it must clearly limit the use of antibiotics for "disease prevention" in animals. "Disease prevention" is often a catch-all term covering many uses in the absence of clinical disease. The Guidance should provide a more restrictive definition to ensure appropriate use of antibiotics; and
it should include a plan to monitor progress in reducing antibiotic use and antibiotic resistance. Data collection on antibiotic use is virtually non-existent, and data on antibiotic sales is insufficient to measure the effectiveness of the guidance program.
We seek your help in strengthening and then advancing these policies quickly. We recommend that by the start of the summer the FDA issue a finalized and strengthened Guidance #213 that limits routine use of antibiotics for disease prevention and establishes tracking mechanisms so the public health community, pharmaceutical companies, and the public in general have the fullest picture of how your Administration plans to address the agricultural contribution to the antibiotic resistance crisis.
Finally, we ask that you support stronger reporting requirements for agricultural antibiotic sales and distribution as part of this year's reauthorization of the Animal Drug User Fee Act (ADUFA), which can help illustrate current use patterns, explain resistance trends, and monitor progress in assuring responsible animal antibiotic use. The American people need your help to ensure that these essential medicines will be effective in protecting our children into the future.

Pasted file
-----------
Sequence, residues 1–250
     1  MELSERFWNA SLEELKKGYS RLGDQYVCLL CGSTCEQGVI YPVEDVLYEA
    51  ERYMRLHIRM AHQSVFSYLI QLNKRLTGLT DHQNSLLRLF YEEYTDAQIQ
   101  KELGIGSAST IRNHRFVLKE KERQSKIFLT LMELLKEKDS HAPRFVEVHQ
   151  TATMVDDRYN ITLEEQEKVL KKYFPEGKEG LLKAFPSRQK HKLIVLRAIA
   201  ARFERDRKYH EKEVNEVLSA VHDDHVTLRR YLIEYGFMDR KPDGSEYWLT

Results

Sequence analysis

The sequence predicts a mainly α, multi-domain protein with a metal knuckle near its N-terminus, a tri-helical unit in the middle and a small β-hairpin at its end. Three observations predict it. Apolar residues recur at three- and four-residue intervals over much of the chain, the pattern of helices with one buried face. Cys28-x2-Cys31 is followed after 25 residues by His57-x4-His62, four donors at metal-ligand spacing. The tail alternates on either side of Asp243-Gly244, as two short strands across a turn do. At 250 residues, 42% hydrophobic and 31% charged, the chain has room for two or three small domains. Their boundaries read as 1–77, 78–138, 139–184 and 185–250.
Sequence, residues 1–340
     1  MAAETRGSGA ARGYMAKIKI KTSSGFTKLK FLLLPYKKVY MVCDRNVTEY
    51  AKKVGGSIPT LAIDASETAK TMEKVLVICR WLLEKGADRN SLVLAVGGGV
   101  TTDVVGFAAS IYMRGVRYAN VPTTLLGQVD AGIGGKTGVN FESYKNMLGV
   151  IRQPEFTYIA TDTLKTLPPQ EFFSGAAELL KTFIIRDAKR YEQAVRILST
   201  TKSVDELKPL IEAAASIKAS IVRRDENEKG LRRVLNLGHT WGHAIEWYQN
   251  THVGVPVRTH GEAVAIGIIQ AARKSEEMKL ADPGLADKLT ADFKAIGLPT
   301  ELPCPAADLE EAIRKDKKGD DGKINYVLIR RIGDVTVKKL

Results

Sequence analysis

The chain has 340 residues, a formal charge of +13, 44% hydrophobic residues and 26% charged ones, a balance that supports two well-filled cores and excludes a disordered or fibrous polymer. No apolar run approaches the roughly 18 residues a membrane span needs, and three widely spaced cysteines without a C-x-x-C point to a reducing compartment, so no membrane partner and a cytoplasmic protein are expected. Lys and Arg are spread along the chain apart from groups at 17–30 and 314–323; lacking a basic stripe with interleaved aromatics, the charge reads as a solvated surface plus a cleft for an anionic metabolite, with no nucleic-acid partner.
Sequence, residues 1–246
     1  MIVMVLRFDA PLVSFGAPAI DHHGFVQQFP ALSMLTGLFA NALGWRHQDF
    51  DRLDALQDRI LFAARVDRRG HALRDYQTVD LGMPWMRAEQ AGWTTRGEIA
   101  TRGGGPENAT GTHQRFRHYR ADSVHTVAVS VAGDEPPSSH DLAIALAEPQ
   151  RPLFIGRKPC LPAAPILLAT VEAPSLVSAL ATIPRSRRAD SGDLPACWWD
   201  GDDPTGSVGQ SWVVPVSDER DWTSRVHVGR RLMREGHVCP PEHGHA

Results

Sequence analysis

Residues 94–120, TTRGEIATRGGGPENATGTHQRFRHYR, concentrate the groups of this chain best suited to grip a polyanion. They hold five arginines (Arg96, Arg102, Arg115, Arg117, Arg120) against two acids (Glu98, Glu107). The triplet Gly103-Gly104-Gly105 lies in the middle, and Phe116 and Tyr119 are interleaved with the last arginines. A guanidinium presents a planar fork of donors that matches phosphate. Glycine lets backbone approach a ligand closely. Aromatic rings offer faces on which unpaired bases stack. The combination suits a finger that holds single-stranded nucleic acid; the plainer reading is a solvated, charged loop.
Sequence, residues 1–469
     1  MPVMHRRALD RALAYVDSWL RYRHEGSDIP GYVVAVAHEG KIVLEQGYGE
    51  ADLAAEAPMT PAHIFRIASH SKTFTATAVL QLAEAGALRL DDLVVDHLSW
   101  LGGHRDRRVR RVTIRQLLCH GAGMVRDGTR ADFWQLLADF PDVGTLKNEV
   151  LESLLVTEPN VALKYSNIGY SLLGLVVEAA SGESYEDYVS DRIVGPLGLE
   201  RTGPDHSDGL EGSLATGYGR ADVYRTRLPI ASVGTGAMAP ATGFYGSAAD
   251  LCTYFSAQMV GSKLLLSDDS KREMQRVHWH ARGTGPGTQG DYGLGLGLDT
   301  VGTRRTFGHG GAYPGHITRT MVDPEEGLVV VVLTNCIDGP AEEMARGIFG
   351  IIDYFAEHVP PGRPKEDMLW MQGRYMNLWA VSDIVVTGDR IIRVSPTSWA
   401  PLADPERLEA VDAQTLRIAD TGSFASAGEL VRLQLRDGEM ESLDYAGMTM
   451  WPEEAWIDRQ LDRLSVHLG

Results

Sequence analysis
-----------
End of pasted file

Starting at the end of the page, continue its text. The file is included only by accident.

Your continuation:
We are eager to help in any way we can. Thank you for your consideration.
Alliance for the Prudent Use of Antibiotics
American Academy of Pediatrics
American College of Preventive Medicine
American Nurses Association
American Public Health Association
Association for Politics and the Life Sciences
American Society for the Prevention of Cruelty to Animals
Bon Appetit Management Company
Center for Foodborne Illness Research and Prevention
Center for Food Safety
Environmental Working Group
First Focus Campaign for Children
Food Animal Concerns Trust
Food and Water Watch
Health Care Without Harm
Humane Society Veterinary Medical Association
Infectious Diseases Society of America
Institute for a Sustainable Future
Institute for Agriculture and Trade Policy
Johns Hopkins Center for a Livable Future
Keep Antibiotics Working
March of Dimes
Michigan Antibiotic Resistance Reduction (MARR) Coalition
National Research Center for Women & Families
National Consumers League
Natural Resources Defense Council
Organic Consumers Association
Niman Ranch Pork Co.
Pediatric Infectious Diseases Society
School Food FOCUS National Office
Society of Infectious Diseases Pharmacists
STOP Foodborne Illness
The Humane Society of the United States
The Pew Charitable Trusts
Trust for America's Health
Union of Concerned Scientists
Cc: The Honorable Kathleen Sebelius, Secretary, Department of Health and Human Services
The Honorable Tom Vilsack, Secretary, Department of Agriculture
The Honorable Margaret Hamburg, Commissioner, Food and Drug Administration